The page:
This weekly report presents insights from our Global Investment Management team.
As Thanksgiving approaches, so does the craving for turkey, cranberry sauce, and other traditional activities, including the expectation for year-long earnings of retailers to magically turn positive overnight. Black Friday, the cornerstone of the domestic retail calendar, has amalgamated into a black weekend, Thursday night, or even an online experience that allows consumers to avoid the annual pilgrimage to the brick and mortar shopping mall. The question, as always, is whether this year’s sales will be bigger, better, and more extravagant than last year or will fickle spenders force stores to reverse course; close earlier, open later, and/or push shoppers to seek online deals.
A report from the National Retail Federation found that the average amount consumers spent over the weekend totaled $289.19 in 2016. This included both in-store and online shopping. Spending in 2016 was actually down a bit from 2015, when the figure was $299.60. However, the quantity of shoppers versus the quality saved retailers last year, as weekend shoppers grew 2% to compensate for the increased thriftiness, as reported by Bloomberg.
Although the economy is in its third longest economic expansion in history, with unemployment at 4.1%, the Global Investment Management team still believes there has been a behavioral reset in consumers’ minds. The 2008 financial crisis and the corresponding recession has scared Americans into pinching pennies and avoiding overextension of balance sheets. Effectively, even though we are on some of the surest footing economically, consumers are still acting as though the rug could be pulled out from them at any time.
This year might be a bit different for several reasons. First, personal savings rates as a percentage of disposable income haven’t been this low since December 2006, wage inflation is holding steady at approximately 3.5% over the past 3 months, and to top it off, consumer confidence is at a high unseen since 2004. By and large, the most dramatic change over the past few years isn’t in the amount spent, but what platform it was spent on. Consumer behavioral patterns have shifted toward e-commerce shopping, with sales up 18% from 2015 to 2016, as reported by Bloomberg. Online retailers such as Amazon have also sped up the spending with “Amazon Day” and “Black Friday Deals Week,” which has muddied the waters such that analysts might need to look at the entire month for an inclination of earnings expectations, rather than just the headline number for Black Friday.
Regardless, the question from our clients has been, “Are retail stocks dead?” and if not, “Then, how do we play the sector?” The somewhat glib answer is to be diversified. The retail sector, as described by S&P Dow Jones, is approximately 87 stocks representing 1.6 billion in market cap. This may seem quite large when compared to the S&P Total Market Index, however the sector only represents approximately 5.6% of the total market and about 2.3% of the companies in the United States. The diversification answer isn’t meant to roll the eyes of investors. It is a warning, given last week’s and last month’s earnings reports. This included a beat by Footlocker (a more traditional brick and mortar) on November 16, which propelled the stock 28.16%, and a beat by Amazon (an online retailer) on October 26, which lifted the stock 13.22% the next day. Our team isn’t saying the picture is all roses in the sector; active short interest on the Retail SPDR ETF is still approximately 2 to 1 versus long interest per Bloomberg, and as mentioned above, there are plenty of reasons to remain cautious. We still believe that retail sector sales will be strong and might surprise a few people to the upside when taken in context of the rest of the week, especially when looking at the strong backing of economic fundamentals that favor the U.S. consumer.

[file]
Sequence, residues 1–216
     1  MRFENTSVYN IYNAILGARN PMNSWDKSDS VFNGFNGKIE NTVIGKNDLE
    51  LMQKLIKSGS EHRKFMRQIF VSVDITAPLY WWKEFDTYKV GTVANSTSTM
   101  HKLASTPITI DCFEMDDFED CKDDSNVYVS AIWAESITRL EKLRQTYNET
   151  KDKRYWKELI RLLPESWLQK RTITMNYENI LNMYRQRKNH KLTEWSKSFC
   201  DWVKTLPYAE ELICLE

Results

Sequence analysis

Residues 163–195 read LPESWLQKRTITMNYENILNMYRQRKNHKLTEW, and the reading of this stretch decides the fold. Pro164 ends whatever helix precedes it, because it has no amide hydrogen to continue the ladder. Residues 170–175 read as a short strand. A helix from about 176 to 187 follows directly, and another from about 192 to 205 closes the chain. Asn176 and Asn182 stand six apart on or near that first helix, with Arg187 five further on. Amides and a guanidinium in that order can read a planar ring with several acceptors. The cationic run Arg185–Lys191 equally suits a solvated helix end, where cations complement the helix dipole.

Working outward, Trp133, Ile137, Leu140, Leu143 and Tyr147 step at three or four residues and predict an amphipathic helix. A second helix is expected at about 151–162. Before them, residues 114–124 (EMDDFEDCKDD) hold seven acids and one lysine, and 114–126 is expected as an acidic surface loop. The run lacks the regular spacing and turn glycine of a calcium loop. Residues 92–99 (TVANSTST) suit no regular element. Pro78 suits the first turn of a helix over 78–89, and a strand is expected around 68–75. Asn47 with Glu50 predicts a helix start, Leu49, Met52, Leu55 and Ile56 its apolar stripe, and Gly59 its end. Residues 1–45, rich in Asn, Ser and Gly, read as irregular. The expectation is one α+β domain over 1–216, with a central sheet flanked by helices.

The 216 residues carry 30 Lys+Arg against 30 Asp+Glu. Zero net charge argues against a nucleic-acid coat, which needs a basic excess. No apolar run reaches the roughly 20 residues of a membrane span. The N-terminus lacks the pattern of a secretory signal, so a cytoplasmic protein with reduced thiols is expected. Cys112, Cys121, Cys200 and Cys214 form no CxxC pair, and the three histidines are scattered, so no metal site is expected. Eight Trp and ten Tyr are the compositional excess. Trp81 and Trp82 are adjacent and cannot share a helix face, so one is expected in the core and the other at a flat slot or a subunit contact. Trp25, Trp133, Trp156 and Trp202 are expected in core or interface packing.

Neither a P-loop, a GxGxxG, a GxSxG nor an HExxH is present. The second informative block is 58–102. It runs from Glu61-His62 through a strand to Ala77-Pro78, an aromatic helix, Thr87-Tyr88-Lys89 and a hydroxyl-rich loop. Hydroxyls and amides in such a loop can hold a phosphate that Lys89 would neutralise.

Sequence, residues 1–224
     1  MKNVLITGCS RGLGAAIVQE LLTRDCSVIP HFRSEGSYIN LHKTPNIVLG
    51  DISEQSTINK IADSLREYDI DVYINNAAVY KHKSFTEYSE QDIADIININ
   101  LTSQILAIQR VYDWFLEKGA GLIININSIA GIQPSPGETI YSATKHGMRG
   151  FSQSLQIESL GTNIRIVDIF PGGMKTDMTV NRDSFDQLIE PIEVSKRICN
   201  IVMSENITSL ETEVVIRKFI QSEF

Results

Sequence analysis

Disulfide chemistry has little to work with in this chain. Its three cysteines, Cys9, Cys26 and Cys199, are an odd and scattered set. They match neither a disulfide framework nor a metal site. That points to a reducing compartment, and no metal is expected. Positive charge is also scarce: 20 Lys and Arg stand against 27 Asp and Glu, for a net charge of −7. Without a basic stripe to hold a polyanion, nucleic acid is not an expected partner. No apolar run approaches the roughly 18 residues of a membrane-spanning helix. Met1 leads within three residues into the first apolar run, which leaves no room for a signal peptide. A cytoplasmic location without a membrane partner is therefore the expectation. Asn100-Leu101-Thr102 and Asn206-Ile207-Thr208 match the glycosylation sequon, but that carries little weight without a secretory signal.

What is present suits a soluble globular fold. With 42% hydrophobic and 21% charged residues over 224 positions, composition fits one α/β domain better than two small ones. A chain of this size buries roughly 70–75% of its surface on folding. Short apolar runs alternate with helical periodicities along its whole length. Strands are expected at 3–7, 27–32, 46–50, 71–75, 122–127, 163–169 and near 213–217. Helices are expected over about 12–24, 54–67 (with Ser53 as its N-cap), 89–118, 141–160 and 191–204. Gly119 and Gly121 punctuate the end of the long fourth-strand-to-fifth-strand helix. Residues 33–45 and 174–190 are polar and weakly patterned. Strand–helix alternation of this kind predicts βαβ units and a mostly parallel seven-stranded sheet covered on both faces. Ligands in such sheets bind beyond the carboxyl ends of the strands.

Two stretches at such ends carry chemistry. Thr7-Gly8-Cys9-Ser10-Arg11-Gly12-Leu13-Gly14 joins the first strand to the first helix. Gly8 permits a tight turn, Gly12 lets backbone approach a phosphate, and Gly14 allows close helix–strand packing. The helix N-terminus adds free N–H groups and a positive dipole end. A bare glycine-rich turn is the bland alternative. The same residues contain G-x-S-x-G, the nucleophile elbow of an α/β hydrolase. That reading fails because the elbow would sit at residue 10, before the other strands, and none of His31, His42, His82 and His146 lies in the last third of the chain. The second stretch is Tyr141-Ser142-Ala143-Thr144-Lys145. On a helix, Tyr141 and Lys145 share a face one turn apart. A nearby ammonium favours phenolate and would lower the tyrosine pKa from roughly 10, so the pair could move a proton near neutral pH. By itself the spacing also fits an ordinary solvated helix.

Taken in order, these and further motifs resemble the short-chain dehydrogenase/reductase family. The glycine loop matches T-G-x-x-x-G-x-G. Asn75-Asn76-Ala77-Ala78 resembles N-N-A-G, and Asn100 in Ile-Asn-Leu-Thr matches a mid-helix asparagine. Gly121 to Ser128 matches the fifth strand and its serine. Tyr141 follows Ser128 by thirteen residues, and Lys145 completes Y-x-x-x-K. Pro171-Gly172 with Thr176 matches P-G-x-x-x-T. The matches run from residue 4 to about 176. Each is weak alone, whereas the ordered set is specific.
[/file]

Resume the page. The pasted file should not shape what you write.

Investing involves risk, including the possible loss of principal and fluctuation in value. Economic and market forecasts reflect subjective judgments and assumptions, and unexpected events may occur. Therefore, there can be no assurance that developments will transpire as forecasted. The information in this newsletter is for informational purposes only and is not intended to be investment advice or a recommendation. Nothing in this newsletter should be interpreted to state or imply that past results are an indication of future performance.
Fixed income securities are subject to interest rate, inflation, credit and default risk. The bond market is volatile. As interest rates rise, bond prices usually fall, and vice versa. The return of principal is not guaranteed, and prices may decline if an issuer fails to make timely payments or its credit strength weakens.
International securities involve additional risks such as currency fluctuations, differing financial accounting standards, and possible political and economic instability. These risks are greater in emerging markets.
Diversification and asset allocation do not ensure a profit or guarantee against loss.
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